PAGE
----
There is nothing wrong with a question having a false premise. There is this aphorism that the most important word in science is not "eureka" but "that's weird", and it captures something very important: people are usually triggered to seek knowledge by noticing that the world doesn't conform to their internal ideas of how it should be.
Sometimes this kind of question annoys experts. It not only betrays that the asker is a beginner in this specific point, which means that there won't be a mentally stimulating discussion between peers, but more of an educational teacher-student interaction. It is also more work for the expert - he cannot simply describe what the reality is and pat himself on the back for work well done, he has to first engage with the student to help him unroot his false assumptions, and only then say what the right one is. This is much more difficult than lecturing.
However, "making experts happy" is not the goal of our site. It is the cheese in the mousetrap :) The goal is to help the beginners (and the perpetual intermediates) learn. And not only when it is not difficult to do so. Exterminating questions based on a false premise would prevent much learning, and accidentally also mean that a good chunk of our existing questions have to be closed.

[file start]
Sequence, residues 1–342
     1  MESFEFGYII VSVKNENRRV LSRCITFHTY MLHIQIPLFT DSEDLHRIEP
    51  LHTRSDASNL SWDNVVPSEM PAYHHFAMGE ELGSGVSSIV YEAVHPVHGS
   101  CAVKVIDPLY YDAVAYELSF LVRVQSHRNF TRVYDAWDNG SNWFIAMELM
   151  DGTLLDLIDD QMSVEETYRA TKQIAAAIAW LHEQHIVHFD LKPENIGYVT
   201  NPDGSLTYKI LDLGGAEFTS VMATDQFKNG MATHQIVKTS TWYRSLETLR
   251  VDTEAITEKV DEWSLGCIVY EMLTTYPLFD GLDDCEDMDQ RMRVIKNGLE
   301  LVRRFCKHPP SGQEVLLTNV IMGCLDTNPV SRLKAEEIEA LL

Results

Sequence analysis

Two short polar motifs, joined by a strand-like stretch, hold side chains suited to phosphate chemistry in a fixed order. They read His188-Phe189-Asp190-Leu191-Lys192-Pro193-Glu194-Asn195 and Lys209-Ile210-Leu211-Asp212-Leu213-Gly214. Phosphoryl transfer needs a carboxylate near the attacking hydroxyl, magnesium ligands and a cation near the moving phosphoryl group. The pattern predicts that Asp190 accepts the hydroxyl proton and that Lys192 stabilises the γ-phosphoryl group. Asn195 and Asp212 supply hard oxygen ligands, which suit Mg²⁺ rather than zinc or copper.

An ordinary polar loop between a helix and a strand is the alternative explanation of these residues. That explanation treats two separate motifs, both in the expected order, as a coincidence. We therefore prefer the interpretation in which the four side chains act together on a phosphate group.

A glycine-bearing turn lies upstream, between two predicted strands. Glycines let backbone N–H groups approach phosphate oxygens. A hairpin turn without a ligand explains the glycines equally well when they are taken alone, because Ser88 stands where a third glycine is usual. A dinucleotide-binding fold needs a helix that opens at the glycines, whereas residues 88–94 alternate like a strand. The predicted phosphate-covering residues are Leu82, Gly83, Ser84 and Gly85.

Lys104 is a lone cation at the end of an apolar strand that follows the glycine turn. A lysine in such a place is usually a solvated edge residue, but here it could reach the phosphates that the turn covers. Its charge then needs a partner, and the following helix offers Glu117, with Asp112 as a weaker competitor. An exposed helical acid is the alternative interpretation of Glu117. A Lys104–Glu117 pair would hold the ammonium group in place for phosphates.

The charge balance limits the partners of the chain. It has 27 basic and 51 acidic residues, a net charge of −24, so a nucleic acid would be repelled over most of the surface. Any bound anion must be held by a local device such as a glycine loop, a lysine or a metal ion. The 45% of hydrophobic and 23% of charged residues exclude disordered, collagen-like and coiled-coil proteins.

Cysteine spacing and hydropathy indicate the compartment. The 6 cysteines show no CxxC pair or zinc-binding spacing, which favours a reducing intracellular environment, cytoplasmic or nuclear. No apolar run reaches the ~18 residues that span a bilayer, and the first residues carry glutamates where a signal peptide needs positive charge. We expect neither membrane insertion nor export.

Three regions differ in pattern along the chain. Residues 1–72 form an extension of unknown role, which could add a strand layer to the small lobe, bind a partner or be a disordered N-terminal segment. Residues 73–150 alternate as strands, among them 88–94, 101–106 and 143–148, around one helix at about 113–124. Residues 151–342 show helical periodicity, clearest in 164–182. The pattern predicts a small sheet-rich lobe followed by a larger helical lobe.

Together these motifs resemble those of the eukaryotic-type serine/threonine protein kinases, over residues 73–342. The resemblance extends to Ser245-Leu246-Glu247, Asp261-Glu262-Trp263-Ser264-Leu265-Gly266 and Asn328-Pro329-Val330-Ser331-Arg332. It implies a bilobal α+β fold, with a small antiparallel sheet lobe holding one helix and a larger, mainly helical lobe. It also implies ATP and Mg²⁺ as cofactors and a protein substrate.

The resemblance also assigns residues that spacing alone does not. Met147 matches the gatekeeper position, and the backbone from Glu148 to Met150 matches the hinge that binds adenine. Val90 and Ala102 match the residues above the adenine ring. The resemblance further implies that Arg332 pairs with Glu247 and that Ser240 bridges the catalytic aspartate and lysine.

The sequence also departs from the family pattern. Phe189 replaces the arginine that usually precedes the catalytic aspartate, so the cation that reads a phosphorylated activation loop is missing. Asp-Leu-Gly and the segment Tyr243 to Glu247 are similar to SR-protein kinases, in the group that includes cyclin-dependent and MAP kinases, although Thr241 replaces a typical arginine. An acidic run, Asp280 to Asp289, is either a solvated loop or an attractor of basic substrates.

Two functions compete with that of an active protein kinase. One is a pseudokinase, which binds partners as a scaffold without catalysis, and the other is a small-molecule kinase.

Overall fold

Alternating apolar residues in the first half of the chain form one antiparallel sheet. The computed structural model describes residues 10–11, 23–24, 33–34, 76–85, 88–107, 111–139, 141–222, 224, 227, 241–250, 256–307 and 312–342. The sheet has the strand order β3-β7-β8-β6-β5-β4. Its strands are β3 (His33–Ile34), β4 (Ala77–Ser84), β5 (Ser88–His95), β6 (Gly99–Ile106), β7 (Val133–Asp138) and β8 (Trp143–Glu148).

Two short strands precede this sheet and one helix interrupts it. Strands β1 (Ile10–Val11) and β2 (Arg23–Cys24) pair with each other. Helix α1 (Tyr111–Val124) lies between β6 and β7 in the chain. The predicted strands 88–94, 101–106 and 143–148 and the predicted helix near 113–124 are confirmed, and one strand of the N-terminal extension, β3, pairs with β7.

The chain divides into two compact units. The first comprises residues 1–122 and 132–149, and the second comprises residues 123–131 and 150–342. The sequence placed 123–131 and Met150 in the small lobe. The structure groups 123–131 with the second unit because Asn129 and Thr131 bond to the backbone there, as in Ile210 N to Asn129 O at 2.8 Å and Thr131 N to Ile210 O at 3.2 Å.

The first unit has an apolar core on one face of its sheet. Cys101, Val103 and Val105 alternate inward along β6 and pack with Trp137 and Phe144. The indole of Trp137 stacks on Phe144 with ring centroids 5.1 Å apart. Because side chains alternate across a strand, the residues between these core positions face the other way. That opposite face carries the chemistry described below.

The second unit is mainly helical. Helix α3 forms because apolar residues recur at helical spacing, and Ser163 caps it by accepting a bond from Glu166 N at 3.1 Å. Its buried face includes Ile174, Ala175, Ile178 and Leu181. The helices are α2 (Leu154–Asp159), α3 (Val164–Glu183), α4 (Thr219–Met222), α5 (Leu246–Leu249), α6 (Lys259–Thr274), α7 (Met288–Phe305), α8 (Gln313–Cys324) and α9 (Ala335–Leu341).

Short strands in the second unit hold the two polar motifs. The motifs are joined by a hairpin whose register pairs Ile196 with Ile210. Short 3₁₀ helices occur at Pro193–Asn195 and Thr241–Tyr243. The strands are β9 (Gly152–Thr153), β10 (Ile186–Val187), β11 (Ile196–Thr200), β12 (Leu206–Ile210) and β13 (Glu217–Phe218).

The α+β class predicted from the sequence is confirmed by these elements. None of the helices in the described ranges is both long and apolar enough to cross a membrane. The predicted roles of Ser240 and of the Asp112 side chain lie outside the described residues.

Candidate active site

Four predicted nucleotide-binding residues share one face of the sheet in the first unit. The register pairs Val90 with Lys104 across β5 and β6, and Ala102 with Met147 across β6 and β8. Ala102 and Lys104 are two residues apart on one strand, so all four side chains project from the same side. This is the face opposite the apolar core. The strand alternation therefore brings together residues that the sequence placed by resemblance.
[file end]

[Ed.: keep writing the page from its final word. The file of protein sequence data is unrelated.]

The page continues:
Except for a few edge cases, I see nothing problematic with a question with a wrong premise. Such questions require a thoughtful answer which exposes the premise as wrong, explains what thought traps might lead into believing it, and corrects the wrong thinking. It might also arrive at a right answer, which makes it equivalent to the infamous XY problem. In some cases, it will not arrive at a right answer, because it doesn't exist, and that's OK. Even explaining why the answer doesn't exist is very useful for the learners (which is not only the OP, but the thousands of anonymous surfers who find the page).
The edge cases are those which deal with extremely common misconceptions, are very basic and need a thorough explanation starting with the basics, and crop up frequently. For those, we should create a canonical explanation and start closing the new ones as duplicates, without going into the finest details of the original question. This is how we deal now with a lot of the very basic food safety questions here, or how Biology deals with the "why didn't evolution create flyign pigs" sort of questions.
For the concrete question you linked as an example, I find your answer very good and useful. The OP obviously didn't know that there are liquors made without protein powder, and that knowledge seems to be quite relevant to his situation. So you helped him, and addressed the question. Sure, you did not say "yes" or "no", but in life, the answer to most yes or no questions is "it's complicated" anyway.